No, we shouldn’t celebrate dropping mask mandates on flights. Here’s why

Robert Roffulo

On April 18th, a federal judge in Florida ruled that mask mandates on air travel were unlawful, and the Biden administration approved the measure. Viral videos of air passengers and flight attendants alike celebrating the ruling mid-flight circulated, showing them ripping off their masks with raucous cheers as if their […]

On April 18th, a federal judge in Florida ruled that mask mandates on air travel were unlawful, and the Biden administration approved the measure.

Viral videos of air passengers and flight attendants alike celebrating the ruling mid-flight circulated, showing them ripping off their masks with raucous cheers as if their favorite football team had won the Superbowl, a sight that sent chills down the spines of health experts and those vulnerable to COVID-19 and its variants. About two weeks later, the US death toll reached (at least) one million COVID-19 deaths, while the World Health Organization estimates at least 15 million deaths worldwide. Given the severity of this global crisis we are still very much in the midst of, is the dropping of mask mandates on air travel really something to celebrate?

​​”[The viral videos] make me feel as though my life as an immunocompromised person has no value,” Mary Fashik told me over email, a queer disability rights advocate who founded the platform Upgrade Accessibility, which raises awareness around issues affecting the disability community. Fashik, who has a host of chronic illnesses, continued, writing, “I’ve always known that society sees me as a burden and does not care whether I live or die. However, knowing that and it being very clearly demonstrated are two different things.”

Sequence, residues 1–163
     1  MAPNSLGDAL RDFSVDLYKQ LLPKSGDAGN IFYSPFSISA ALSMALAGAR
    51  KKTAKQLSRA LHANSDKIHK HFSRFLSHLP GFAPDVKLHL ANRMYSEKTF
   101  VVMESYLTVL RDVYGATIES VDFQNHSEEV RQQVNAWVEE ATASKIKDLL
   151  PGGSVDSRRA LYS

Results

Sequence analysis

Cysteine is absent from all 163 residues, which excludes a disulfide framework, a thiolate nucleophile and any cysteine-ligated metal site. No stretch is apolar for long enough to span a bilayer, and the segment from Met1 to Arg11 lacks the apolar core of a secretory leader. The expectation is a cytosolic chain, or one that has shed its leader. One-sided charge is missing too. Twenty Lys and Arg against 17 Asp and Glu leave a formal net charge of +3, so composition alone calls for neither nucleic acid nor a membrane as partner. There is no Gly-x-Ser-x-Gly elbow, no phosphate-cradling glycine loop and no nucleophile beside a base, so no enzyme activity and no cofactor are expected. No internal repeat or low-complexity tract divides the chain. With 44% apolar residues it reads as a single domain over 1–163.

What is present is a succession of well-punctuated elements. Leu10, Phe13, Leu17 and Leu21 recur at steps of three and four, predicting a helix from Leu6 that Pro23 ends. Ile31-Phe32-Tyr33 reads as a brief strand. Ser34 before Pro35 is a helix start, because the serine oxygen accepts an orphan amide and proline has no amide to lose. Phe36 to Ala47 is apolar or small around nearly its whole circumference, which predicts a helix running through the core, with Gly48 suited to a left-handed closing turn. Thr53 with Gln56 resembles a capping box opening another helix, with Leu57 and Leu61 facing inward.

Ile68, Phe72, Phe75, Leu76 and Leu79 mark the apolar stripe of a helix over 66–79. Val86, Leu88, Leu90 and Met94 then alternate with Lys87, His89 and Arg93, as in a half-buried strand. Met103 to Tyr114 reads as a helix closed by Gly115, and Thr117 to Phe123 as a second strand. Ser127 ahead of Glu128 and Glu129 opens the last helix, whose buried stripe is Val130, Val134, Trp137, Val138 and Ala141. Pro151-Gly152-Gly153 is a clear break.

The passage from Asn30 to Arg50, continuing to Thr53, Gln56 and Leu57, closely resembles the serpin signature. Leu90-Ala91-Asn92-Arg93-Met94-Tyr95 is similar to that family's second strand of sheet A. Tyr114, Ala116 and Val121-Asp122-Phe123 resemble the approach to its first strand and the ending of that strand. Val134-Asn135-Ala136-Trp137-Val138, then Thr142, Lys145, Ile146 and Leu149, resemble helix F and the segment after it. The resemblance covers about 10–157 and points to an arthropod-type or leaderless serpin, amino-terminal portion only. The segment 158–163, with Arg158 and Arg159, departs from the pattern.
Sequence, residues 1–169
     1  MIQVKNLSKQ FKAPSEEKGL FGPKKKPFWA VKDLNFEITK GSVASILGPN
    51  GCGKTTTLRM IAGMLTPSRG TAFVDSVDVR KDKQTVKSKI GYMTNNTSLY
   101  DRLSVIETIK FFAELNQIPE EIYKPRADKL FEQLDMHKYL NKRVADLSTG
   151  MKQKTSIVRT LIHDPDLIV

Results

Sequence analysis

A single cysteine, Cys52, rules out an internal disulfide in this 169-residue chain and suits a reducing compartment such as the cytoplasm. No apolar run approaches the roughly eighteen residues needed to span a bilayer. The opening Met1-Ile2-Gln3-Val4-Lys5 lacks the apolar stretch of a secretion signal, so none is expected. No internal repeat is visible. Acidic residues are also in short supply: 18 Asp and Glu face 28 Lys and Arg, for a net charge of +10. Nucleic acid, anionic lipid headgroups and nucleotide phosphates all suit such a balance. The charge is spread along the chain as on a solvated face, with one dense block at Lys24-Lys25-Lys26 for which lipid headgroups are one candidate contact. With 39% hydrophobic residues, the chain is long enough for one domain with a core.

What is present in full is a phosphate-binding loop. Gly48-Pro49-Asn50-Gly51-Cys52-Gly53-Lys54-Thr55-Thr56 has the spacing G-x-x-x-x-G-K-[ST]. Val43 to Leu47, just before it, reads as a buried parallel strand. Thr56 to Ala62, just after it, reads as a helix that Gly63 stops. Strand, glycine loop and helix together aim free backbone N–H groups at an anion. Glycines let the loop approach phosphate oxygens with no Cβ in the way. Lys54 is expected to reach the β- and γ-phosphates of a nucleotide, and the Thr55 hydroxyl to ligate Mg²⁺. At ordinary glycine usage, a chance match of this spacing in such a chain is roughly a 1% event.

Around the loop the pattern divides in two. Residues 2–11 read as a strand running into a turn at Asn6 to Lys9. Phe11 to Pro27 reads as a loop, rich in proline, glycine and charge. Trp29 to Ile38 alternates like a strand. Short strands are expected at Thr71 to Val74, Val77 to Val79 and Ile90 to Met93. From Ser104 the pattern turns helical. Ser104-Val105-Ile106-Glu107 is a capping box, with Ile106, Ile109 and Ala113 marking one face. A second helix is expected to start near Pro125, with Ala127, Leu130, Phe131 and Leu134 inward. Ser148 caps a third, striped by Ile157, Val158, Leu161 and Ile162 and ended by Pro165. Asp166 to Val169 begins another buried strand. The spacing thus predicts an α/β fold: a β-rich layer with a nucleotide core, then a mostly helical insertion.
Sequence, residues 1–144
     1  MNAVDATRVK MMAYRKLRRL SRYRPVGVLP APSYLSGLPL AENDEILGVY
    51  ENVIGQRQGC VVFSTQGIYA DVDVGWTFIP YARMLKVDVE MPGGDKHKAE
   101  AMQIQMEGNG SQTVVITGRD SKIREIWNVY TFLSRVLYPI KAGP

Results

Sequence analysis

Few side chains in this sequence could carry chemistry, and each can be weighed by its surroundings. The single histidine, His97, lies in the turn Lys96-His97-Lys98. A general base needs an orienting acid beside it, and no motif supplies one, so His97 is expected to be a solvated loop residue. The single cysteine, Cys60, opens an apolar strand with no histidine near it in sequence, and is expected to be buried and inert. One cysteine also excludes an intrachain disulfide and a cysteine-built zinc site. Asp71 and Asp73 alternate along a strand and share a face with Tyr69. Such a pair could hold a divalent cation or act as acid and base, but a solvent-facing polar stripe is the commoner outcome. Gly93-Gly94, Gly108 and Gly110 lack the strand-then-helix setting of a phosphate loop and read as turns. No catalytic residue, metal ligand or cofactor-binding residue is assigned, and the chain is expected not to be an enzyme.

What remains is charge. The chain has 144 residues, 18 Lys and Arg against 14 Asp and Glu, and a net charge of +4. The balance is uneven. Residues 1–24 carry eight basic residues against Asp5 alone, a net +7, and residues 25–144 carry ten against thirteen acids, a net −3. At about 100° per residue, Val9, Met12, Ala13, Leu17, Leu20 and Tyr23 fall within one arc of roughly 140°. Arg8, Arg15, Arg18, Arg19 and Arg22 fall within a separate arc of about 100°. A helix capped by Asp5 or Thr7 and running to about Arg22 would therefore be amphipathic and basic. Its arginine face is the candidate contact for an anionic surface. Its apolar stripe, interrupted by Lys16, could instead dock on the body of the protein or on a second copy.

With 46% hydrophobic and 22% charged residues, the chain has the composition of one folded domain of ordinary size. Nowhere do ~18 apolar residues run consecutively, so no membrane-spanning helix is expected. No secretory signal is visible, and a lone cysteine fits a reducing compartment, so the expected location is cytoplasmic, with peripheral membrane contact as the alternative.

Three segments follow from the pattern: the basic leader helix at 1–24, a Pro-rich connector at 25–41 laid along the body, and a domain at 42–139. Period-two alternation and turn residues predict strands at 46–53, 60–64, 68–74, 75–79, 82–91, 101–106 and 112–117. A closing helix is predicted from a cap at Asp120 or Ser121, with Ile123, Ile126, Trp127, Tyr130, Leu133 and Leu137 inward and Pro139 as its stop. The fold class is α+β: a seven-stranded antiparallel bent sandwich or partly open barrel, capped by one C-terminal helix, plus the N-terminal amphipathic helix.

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Consider doing your part by wearing a protective face mask in an airport, regardless of their masking guidelines © Tang Ming Tung / Getty Images

Maya Davis, an asthmatic Black Caribbean-American living in Brooklyn also relayed her thoughts on the videos to me, writing, “I feel like Alice when she went down the rabbit hole. It’s deteriorating my faith in the common good.”

COVID-19 continues to mutate, with the latest variant of concern, BA.2.12.1, spreading rapidly, leading experts to forecast it being the dominant form of the virus within the next few weeks. According to the CDC, COVID is now the third-leading cause of death in the US, with about 360 people dying daily. Yet, in the face of this alarming, often avoidable catastrophe, tourists sip complimentary champagne on Delta flights and whoop about what could, at best, be described as a radically minute inconvenience en route to their vacations.